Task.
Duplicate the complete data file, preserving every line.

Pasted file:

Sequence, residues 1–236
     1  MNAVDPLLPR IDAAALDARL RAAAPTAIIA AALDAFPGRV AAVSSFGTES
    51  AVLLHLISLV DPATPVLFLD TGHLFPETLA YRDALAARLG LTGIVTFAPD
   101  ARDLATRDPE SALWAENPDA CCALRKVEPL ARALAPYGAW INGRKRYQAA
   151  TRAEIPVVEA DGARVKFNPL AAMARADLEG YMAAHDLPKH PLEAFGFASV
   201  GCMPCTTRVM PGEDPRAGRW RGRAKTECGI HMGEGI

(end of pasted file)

Sequence, residues 1–236
     1  MNAVDPLLPR IDAAALDARL RAAAPTAIIA AALDAFPGRV AAVSSFGTES
    51  AVLLHLISLV DPATPVLFLD TGHLFPETLA YRDALAARLG LTGIVTFAPD
   101  ARDLATRDPE SALWAENPDA CCALRKVEPL ARALAPYGAW INGRKRYQAA
   151  TRAEIPVVEA DGARVKFNPL AAMARADLEG YMAAHDLPKH PLEAFGFASV
   201  GCMPCTTRVM PGEDPRAGRW RGRAKTECGI HMGEGI